If your country had an elite university, how would you decide who gets in?
In India, this decision is made using a competitive examination. Merely 1 mark – one measly answer to a multiple-choice question – can separate a student who qualifies for the country’s elite technical university and one who does not.
Students of the elite university have exclusive access to the best laboratories, professors, peers and technical opportunities in the country. As the years roll by, two students separated by a single mark begin to inhabit different worlds.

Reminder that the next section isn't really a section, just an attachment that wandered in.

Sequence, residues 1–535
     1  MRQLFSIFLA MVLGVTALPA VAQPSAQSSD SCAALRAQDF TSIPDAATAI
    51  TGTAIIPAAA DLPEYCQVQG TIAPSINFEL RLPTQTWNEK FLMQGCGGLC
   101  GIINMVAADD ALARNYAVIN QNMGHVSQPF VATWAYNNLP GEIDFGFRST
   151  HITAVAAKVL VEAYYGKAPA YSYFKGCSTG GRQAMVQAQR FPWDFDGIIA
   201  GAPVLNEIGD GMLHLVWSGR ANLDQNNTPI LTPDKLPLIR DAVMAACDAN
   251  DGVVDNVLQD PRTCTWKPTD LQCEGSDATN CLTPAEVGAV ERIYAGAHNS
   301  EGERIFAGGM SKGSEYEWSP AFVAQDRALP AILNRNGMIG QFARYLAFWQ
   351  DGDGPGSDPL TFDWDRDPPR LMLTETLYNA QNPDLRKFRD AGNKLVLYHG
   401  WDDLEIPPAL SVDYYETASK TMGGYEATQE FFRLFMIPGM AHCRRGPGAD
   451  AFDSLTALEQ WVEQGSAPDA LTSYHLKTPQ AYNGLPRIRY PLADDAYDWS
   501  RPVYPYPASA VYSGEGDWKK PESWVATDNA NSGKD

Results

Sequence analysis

Do students who are separated by one mark in an arbitrary exam deserve to be worlds apart?
When confronted with this question, we blame the imperfection of our competitive, standardized examination and rue that we don’t have a fairer alternative. But that is merely the symptom. The disease is the very existence of the elite universities themselves. Why have we created these exclusive islands of excellence?
In a fairer world, one where excellence isn’t synonymous with elitism, the opportunities available to two students will more closely resemble the marks that separate them.